Better understand Austin’s green jobs sector: While Austin has focused on “green technology” in terms of innovation, we have not specifically focused on employment in the green jobs sector. Where are the green jobs in Austin? What are the training and development pathways to these jobs? Which organizations are prepared to support diversity and inclusion goals? What we need to catalyze equitable access to green jobs is 1) market research on which green jobs exist in Austin, 2) employers are most prepared to support diversity/inclusion goals, and 3) and understanding of the education and training pathways to those jobs.
Green jobs are ones that result in improved human well-being and social equity, while significantly reducing environmental risks and ecological scarcities. Categories of green jobs can include both the production of goods and services, as well as using environmentally-friendly processes and practices. Green economy sectors and jobs are wide-ranging, and include (but are not limited to):
- Building design, construction, and operations (electricians, plumbers, carpenters, architects, construction workers, HVAC technicians, facilities managers)
- Manufacturing and products (designers, manufacturers)
- Water systems (water and wastewater treatment plant operators, civil engineers)
- Transportation systems (operators, mechanics, transportation engineers)
- Urban design and landscaping (landscapers, urban planners, landscape architects)
- Agriculture and food production (farmers, food producers, food handlers, chefs, restaurant managers)
- Waste management (waste system operators, recycling technicians)
- Energy production, systems, and management (power plant operators and technicians, wind turbine installers and technicians, electrical engineers, solar panel installers, energy auditors)
Catalyzing pathways through partnerships and ideas: How might we catalyze a connection between trusted community-based organizations and the green jobs sector? How might we strengthen our city’s capacity for workforce development, equity, inclusion, and community action? How might we encourage more social venture capital and matching funds or partnerships to carry the work into maturity? To create pathways to green jobs, we need to match trusted community-based organizations that serve the population in focus to green jobs employers around specific ideas for pilots.
Where We’re Focusing
Economic inequities persist amongst racial groups in Austin. Therefore, the population we’re focusing on for equitable access to green jobs is defined by individual income levels and race so that we might help eradicate these disparities.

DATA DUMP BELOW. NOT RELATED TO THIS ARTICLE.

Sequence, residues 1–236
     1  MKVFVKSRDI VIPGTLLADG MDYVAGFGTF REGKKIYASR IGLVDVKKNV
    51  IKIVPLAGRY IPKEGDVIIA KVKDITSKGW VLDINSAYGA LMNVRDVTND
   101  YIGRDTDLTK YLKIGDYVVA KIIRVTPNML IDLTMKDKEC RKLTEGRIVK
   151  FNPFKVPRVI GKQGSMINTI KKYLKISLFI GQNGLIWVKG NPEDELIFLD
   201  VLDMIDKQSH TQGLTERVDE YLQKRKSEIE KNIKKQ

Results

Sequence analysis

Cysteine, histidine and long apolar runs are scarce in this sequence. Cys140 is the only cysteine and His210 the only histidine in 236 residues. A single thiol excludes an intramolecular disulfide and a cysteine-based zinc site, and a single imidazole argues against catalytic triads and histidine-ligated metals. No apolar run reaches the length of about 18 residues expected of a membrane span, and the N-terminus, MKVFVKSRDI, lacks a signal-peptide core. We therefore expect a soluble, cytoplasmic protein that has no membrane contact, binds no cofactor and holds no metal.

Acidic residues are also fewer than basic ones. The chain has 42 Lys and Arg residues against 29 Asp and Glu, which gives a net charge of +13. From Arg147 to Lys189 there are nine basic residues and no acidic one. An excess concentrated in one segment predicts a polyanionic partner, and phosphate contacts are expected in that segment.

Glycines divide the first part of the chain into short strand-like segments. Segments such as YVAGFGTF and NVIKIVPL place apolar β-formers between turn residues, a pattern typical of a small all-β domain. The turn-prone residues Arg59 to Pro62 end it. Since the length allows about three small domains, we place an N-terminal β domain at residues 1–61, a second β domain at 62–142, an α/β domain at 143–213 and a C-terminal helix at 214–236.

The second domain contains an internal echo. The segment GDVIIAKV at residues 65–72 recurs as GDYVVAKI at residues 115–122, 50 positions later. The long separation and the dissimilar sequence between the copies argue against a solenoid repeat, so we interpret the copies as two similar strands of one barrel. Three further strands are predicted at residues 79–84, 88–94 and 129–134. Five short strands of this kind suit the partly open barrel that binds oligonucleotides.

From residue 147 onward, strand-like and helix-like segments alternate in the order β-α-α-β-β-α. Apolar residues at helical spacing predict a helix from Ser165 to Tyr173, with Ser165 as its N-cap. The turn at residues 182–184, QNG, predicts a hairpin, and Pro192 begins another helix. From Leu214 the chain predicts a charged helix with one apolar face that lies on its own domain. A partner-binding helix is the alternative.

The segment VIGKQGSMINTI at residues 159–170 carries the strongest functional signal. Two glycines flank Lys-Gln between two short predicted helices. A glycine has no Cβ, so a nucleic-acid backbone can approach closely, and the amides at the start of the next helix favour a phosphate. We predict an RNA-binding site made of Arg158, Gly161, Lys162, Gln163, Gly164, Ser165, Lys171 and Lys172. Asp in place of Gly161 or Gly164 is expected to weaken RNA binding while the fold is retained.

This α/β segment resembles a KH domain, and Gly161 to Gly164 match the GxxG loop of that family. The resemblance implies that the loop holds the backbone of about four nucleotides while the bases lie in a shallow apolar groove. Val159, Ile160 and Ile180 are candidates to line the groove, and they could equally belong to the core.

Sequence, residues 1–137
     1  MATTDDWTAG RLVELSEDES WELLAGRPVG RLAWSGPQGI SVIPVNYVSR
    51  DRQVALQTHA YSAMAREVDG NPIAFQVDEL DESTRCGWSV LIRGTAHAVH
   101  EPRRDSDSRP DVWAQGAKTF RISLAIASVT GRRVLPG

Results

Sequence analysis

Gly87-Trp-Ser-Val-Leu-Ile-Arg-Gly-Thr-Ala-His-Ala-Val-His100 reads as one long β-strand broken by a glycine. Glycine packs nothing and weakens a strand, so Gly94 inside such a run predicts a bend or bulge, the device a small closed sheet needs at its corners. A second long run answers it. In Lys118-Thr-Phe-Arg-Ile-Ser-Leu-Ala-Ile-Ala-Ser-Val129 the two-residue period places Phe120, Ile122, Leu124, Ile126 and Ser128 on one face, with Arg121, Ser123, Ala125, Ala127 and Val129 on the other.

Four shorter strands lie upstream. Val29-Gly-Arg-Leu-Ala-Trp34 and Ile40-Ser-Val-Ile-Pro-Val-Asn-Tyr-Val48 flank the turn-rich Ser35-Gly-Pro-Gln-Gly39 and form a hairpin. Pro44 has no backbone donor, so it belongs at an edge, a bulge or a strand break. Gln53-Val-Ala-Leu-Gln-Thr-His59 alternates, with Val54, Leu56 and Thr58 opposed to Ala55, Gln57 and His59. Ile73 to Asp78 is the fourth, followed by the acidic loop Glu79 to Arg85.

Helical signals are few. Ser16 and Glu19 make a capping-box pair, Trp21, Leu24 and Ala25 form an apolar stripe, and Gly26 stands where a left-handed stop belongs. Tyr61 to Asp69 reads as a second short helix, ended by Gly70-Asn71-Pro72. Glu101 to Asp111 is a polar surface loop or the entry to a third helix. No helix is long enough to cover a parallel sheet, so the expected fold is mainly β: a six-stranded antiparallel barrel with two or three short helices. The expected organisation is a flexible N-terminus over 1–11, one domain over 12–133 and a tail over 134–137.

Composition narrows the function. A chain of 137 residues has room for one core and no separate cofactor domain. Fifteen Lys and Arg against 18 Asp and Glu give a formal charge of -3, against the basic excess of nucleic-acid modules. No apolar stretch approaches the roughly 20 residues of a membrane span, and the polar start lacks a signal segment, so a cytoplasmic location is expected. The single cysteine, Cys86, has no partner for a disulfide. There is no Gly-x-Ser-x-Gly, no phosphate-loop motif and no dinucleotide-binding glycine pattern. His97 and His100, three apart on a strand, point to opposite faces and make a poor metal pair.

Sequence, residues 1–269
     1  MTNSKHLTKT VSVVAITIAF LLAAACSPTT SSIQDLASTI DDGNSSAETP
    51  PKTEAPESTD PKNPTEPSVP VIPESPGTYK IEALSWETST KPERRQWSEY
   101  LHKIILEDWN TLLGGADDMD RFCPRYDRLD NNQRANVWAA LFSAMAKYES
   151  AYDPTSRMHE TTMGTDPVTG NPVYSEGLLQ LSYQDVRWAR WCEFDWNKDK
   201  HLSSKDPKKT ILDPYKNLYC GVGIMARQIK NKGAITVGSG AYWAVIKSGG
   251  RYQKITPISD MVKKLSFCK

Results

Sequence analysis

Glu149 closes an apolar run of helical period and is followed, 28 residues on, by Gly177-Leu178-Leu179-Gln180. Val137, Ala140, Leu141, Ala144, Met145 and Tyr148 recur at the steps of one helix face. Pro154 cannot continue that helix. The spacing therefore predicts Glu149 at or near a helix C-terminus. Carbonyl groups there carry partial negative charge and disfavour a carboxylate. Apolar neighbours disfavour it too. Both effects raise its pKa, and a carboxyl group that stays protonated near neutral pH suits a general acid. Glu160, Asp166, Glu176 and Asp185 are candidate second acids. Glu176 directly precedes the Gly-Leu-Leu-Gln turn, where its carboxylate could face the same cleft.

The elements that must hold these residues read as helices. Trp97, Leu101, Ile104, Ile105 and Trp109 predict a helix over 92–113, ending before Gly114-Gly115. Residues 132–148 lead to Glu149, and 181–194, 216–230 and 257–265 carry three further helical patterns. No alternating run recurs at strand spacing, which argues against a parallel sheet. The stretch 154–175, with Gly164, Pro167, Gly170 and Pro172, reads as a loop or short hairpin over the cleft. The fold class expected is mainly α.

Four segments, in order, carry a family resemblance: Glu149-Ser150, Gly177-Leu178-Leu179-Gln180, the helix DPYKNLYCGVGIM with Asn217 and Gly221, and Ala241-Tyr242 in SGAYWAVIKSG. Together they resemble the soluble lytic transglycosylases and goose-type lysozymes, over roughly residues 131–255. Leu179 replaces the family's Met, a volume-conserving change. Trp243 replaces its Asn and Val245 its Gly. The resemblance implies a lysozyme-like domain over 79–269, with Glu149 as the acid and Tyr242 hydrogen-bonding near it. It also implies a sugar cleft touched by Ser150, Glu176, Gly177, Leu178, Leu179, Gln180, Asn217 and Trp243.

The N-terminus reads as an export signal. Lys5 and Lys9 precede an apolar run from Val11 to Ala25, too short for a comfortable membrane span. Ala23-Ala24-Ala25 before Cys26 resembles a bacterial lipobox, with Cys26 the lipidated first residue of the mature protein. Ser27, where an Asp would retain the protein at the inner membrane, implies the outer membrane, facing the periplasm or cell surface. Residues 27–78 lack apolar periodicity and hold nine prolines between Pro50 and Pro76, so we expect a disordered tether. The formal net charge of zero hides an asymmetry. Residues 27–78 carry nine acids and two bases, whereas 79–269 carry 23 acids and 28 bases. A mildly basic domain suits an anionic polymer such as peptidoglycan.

Economic inequities: With regard to income levels, we focus on people making up to 200% of the federal poverty level. This level tracks to several measures that indicate vulnerability of the working poor who might experience displacement in a city with high growth and rapid gentrification: the United Way’s measure of Asset Limited, Income Constrained Employed (ALICE), which describes the “working poor;” and to the UT Uprooted Report on displacement which indicates that 80% of median family income ($75,000) creates a vulnerability to displacement:
The map below shows areas in Austin where 20% or more of the population makes 200% or less of the federal poverty level, and the areas in the top 50 in terms of number of residents making 200% or less of the federal poverty level.
Racial equity is the condition when race no longer predicts a person’s quality of life outcomes in our community. The City recognizes that race is the primary determinant of social equity, and therefore we begin the journey toward social equity with this definition. Populations in focus include:
- Youth of color ages 16-24, from communities in geographic neighborhoods of Austin identified in the map.
- Adults of color from communities who might want to transition from low-wage jobs into more skilled higher paying green jobs, living in the communities identified on the map.
Austin zip codes where 20% or more of the population makes 200% or less of the federal poverty level
Number of people in each census tract in the grant focus area that make 200% or less of the federal poverty level